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Discussion Starter · #1 ·
Just some picks of the job I believe I will be on for most of this summer. We did two bathroom groups and bit more last year at this location and the landlord has found a tenant so we started the buildout on an arcade type spot in half the space. Going to be two full service bars, two bathroom groups of 16 w/c each and a handful of other fixtures. Figured I’d share some pics of the work since I have put forth zero content since joining.
Building Wood Gas Electricity Facade

Building Wood Floor Line Composite material

Building Line City Vehicle Wood

Wood Beam Floor Engineering Composite material

Building Floor Line Wood Flooring
 

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Discussion Starter · #3 ·
We set 4 urinal and 12 wc carriers, core drilled and stubbed plastic and copper to the floor below so far. Will be probably finishing this second floor next week drilling for and setting floor sinks and floor drains and finishing up a family restroom we started today.
 

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Discussion Starter · #5 ·
I asked the same question and the answer I got was that there was one c.o. called out in the drawing so it got one clean out.

So short answer my master gives zeros f’s and ordered one c.o. tee because he knew he had to have a c.o. where it was accounted for.

More detailed would be the architect didn’t take into account that there was no way to catch seven carriers to the right of that clean out because we need fall. The drawing called for one drop, one clean out. We had to break the carriers into two drops, but the second cross’ clean out would have nowhere to exit the wall because of the proximity of the carriers and the backing for the partitions that is yet not installed as of these pictures. Little bit of bad planning and little bit of lack of desire led to something we’re not required to put in by code to be left out. I dislike it but it’s not wrong per se. As my boss would say “I guarantee you I(he) will never have to pull one of these toilets to snake it!”
 

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Discussion Starter · #18 · (Edited)
Nice looking work but I absolutely hate ferncos!!! I always use mission couplings with the solid stainless jacket (not no hub bands). I’ve seen too many in my life that have sagged.
I I’ll take a pic tomorrow of an example but we support any run beyond carrier to carrier to prevent sagging. Finished up a family bathroom with a tight chase with a double wye laying flat that catch carriers at the far corners of the ADA bathrooms and lavs, with strut coming up from rod to prevent any chance of sag.



also thanks to everybody for the kind words I’m glad I’m learning from someone who is both skilled and takes pride in our work.

I certainly can’t take a lot of credit for the finished product because even though I do a lot of the work it is with close guidance and heavy scrutiny. Some of it takes two tries (and maybe three on occasion).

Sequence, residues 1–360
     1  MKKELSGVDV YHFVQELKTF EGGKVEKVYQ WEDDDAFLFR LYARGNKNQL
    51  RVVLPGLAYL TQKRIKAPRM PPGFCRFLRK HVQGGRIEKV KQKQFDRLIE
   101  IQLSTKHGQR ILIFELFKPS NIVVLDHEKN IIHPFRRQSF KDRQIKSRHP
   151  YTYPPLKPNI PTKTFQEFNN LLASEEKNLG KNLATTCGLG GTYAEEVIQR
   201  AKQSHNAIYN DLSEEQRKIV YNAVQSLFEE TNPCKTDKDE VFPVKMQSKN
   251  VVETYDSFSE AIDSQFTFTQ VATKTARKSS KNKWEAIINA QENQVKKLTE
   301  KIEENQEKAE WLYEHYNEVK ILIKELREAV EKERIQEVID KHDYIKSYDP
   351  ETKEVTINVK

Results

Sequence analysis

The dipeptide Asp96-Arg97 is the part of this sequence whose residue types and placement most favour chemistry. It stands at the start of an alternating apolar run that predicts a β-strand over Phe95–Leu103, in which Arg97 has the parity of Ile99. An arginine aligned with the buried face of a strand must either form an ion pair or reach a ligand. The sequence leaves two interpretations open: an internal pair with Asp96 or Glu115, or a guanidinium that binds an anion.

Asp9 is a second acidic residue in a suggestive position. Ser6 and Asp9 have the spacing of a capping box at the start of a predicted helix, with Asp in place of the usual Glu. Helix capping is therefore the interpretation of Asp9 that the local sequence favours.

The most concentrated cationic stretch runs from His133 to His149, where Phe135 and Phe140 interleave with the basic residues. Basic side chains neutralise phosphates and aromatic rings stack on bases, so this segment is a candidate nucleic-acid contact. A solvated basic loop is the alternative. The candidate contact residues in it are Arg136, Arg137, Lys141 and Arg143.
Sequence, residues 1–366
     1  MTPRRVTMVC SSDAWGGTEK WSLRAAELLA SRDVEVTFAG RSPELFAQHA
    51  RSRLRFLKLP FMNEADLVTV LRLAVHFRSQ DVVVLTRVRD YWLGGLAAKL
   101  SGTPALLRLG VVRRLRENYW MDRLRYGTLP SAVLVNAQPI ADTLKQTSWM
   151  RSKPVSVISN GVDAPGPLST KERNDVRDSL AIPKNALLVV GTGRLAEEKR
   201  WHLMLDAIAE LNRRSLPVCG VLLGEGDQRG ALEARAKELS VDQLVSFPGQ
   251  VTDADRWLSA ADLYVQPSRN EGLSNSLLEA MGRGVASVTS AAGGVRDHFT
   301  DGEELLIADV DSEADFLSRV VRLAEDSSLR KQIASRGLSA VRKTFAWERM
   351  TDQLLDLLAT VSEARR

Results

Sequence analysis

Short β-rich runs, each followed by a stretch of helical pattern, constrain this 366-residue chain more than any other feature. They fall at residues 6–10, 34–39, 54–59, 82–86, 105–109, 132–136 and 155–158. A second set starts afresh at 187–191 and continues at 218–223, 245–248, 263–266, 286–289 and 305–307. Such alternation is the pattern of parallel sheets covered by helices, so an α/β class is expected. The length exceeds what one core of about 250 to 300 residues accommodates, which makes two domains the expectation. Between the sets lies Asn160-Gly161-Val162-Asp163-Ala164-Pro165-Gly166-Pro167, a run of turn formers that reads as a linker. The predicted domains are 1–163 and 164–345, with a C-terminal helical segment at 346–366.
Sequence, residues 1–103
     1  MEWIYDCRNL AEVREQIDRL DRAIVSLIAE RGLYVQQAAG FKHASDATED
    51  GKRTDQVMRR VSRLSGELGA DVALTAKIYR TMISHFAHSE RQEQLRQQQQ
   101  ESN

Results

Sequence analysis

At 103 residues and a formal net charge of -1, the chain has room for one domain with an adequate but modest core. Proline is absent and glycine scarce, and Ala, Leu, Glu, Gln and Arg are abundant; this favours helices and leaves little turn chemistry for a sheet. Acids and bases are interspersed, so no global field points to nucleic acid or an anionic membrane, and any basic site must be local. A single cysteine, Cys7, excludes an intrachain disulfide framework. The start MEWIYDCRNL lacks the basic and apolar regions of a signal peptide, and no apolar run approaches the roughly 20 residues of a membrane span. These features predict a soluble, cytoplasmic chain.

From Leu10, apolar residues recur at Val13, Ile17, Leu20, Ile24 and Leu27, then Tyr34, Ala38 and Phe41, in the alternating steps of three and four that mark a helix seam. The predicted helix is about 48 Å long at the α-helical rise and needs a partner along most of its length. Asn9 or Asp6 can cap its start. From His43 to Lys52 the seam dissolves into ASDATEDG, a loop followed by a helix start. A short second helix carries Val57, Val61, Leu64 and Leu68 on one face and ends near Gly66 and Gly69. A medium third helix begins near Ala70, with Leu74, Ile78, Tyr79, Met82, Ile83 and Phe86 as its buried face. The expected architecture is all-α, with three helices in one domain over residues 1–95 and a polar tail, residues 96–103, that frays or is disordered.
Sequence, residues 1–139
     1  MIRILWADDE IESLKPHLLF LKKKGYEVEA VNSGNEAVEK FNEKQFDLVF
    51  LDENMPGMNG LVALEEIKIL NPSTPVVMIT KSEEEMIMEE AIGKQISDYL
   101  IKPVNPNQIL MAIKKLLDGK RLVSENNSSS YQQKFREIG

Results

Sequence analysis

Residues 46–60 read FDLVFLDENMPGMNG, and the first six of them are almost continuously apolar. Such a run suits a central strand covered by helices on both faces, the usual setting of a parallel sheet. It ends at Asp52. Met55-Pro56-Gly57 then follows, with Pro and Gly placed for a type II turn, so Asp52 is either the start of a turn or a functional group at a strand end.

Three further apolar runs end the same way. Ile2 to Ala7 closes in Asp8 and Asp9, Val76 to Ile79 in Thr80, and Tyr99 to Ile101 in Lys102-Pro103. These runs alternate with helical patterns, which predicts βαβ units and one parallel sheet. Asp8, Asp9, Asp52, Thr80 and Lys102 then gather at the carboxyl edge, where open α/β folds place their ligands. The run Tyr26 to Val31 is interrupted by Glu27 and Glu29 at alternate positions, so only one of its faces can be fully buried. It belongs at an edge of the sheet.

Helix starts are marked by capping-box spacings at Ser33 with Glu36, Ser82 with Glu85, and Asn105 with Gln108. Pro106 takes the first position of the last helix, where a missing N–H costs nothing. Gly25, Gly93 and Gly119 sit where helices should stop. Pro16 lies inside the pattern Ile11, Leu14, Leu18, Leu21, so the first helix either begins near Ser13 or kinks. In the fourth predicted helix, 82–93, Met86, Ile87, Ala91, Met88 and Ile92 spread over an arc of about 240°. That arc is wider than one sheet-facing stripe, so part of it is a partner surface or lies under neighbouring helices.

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Discussion Starter · #28 ·
I brought up the fernco’s on the first commercial job I was on. I agree they are not approved for above ground horizontal work. Clearly stated in the code book. With that being said, we’ve not had any inspectors here in the county have an issue or call them out in any way.

As far as fire caulking, all penetrations are to be fire caulked specifically to the effect to stop the spread of smoke. This is a three story mixed use space with a very in depth sprinkler system. I do not know much about building codes pertaining to fire proofing beyond us caulking the holes above and below the decking for smoke control. Sometimes we have to plenum wrap our pvc in plenum spaces or hang cast iron instead.

The single carriers are 3/8 power studded to the concrete in three places, and the back to back in four.
 

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Discussion Starter · #31 ·
Those Fernco's are WRONG. They should not be there. Pvc/ci adapters and no hub couplings are correct. I bet you don't put a 10' head on those connections.
Depending on whether or not the brand we supplied meets the c1461 standard, I reason that they are actually not specifically prohibited, but given the spirit of the rest of the sections regarding mechanical couplings I tend to agree with you none the less.

I can’t find what I was looking for specifying any above ground horizontal flexible couplings shall be shielded and properly supported on both sides within 18” or something to the effect.

Font Number Screenshot Document

Font Publication Material property Book Paper
Font Publication Book Paper Newsprint
 

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Discussion Starter · #33 ·
I’m still learning how to effective use and understand my code book but here is what I mentioned earlier about supports. This is an addendum in Allegheny county :
Font Material property Publication Paper Document

it’s confusing because I don’t see any standard mentioned for any unshielded coupling above ground, but here it shows a lean in that direction. Sorry for the barrage of responses but this is something that piqued my interest both at school and in the field in practice. Yet I could never get a definitive answer on the subject.

Our inspectors have never had a problem with the methods we use just to clarify, but I’m always looking to have the knowledge to do it right, do it better, and understanding some of the reasoning why as well.
 
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